Economic development discussions continue
The Sanford Area Chamber of Commerce and the Lee County Economic Development Corporation Board continued preliminary discussions about their potential merger during a joint meeting Wednesday afternoon.
Both groups agreed to form a task force, with delegates from each board and representatives from the three local governmental bodies, to outline the funding and structure of an umbrella organization to oversee economic development in Lee County.
Restructuring won’t solve any underlying problems the contributing groups may have, said Creative Economic Development Consulting CEO Crystal Morphis, but it can reinforce and streamline efforts. Creative is contracted to oversee economic development for Lee County for the next three months.
The task force should also devise a shared stakeholder philosophy, said Sanford Attorney Susan Patterson. The group should determine what businesses Lee County wants to attract and how they should be attracted, she said at the meeting.
Lee County Manager John Crumpton said the county commissioners are very interested in lowering
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its percentage of funding of the EDC as private industry begins to contribute more. More than 65 percent of the funding for the EDC now comes from Lee County, Crumpton said, and many commissioners want to see more involvement by private industry.
Commissioners are undergoing an economic strategic plan for the county and trying to determine the best method of moving forward in Lee County, he said. An economic summit for Lee County stakeholders is scheduled for March 1 as part of the economic planning.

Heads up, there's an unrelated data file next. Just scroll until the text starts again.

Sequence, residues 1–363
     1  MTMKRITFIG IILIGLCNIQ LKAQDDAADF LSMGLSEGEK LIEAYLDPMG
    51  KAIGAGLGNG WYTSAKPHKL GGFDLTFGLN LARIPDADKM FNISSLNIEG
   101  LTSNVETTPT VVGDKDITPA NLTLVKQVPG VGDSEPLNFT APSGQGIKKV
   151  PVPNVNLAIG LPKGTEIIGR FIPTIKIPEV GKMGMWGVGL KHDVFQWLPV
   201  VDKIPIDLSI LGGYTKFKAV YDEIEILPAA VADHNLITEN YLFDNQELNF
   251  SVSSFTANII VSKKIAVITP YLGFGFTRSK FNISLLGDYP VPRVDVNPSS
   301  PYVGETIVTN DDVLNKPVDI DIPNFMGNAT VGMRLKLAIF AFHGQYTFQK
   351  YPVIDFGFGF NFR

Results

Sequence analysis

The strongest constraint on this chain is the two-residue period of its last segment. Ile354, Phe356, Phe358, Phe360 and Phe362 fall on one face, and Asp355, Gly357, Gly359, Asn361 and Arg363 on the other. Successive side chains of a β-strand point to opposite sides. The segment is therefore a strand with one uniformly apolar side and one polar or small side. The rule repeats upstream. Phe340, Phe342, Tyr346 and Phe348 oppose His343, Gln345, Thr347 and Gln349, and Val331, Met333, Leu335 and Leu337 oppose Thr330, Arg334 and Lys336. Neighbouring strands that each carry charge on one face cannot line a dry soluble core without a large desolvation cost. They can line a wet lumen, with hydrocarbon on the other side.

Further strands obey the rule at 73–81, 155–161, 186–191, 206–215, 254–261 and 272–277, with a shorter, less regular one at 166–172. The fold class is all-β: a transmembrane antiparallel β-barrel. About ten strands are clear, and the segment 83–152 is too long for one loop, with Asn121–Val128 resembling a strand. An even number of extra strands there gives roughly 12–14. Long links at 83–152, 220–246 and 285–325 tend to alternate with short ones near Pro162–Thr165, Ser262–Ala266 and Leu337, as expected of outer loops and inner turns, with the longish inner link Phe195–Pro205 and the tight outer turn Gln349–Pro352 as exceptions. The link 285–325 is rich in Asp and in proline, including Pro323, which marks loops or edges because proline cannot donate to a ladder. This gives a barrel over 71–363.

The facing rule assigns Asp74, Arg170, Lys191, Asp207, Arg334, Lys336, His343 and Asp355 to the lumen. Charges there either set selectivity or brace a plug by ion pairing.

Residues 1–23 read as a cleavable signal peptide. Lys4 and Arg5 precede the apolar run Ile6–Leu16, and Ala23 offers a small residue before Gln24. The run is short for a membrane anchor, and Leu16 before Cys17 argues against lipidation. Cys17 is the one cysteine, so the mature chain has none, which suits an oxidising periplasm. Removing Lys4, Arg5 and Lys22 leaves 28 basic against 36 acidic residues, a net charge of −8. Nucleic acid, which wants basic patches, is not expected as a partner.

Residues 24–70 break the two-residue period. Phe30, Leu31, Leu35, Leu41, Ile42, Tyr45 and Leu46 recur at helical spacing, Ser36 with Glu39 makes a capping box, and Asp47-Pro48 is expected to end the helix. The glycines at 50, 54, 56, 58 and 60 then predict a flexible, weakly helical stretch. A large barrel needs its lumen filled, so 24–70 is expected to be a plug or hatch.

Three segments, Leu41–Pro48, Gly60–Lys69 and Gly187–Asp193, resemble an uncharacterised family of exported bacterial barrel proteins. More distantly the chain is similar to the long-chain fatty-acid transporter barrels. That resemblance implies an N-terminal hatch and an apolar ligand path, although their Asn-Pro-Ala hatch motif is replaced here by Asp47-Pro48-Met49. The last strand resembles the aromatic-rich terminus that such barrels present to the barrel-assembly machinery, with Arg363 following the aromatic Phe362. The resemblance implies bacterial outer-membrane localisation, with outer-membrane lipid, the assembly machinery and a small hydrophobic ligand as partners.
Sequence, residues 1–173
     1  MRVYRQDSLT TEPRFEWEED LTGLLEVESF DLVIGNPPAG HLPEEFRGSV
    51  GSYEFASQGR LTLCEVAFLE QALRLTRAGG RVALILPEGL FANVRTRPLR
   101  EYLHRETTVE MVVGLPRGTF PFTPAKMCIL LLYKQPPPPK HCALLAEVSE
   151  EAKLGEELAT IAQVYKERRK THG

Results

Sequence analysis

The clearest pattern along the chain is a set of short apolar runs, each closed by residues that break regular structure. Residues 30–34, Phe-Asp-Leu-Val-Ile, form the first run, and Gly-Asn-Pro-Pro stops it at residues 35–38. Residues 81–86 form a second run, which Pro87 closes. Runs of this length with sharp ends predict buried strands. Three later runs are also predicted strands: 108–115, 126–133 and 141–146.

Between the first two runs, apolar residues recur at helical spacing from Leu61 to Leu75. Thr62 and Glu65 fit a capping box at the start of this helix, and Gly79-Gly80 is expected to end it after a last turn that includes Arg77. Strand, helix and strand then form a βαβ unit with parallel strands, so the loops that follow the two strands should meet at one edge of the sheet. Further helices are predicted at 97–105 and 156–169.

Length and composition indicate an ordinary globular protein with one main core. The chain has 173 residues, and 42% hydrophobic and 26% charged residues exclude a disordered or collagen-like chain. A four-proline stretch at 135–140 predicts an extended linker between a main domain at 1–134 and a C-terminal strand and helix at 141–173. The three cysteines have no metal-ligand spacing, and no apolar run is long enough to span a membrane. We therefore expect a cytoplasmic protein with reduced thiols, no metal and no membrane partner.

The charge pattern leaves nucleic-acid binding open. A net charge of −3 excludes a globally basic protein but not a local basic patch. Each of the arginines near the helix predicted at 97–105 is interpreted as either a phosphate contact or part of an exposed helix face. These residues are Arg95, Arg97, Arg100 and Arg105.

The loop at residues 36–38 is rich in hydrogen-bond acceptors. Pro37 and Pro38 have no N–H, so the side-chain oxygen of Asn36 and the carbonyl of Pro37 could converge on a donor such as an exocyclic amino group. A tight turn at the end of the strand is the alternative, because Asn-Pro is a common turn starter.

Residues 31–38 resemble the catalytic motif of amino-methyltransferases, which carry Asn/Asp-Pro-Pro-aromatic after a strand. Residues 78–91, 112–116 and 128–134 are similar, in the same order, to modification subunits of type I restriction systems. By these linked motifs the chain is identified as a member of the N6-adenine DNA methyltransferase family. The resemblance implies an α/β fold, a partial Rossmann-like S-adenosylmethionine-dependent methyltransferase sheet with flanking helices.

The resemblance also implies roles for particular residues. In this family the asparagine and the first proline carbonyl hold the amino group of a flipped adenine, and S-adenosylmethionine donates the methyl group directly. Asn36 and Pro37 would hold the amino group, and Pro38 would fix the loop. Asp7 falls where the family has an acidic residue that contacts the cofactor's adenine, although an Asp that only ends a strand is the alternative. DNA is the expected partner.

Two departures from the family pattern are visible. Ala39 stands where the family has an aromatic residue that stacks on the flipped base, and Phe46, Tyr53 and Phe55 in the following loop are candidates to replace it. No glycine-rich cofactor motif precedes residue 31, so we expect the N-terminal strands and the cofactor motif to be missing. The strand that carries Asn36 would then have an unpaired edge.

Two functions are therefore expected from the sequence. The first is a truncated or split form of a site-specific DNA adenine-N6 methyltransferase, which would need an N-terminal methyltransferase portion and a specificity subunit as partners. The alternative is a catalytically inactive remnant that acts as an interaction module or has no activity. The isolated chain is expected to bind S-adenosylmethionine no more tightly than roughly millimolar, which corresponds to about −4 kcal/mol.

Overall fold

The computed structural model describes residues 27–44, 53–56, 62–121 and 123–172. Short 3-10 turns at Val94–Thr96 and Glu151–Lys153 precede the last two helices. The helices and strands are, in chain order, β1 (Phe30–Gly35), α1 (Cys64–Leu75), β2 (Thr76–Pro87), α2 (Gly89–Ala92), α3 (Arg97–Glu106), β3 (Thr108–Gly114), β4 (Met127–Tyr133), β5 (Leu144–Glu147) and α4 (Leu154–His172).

One suggestion, by Lee County Commissioner Jim Womack, was a pay-to-play model for the EDC board — meaning a certain dollar amount would guarantee a seat on the EDC Board — to encourage more private investment.
The City of Sanford is open to any structure for an economic development group, said Sanford Manager Hal Hegwer, who added that the council would also welcome more private input.
Broadway Town Manager Bob Stevens said he believed his board is agreeable to any organizational structure, but the pay-to-play model might put Broadway at a disadvantage.
“We get the same benefit if an industry comes to the county because it’s employment for our residents,” Stevens said. “But we certainly like having a seat at the table and knowing what goes on.”
The task force was charged to meet before the economic summit, followed by a joint meeting between the EDC board and chamber of commerce.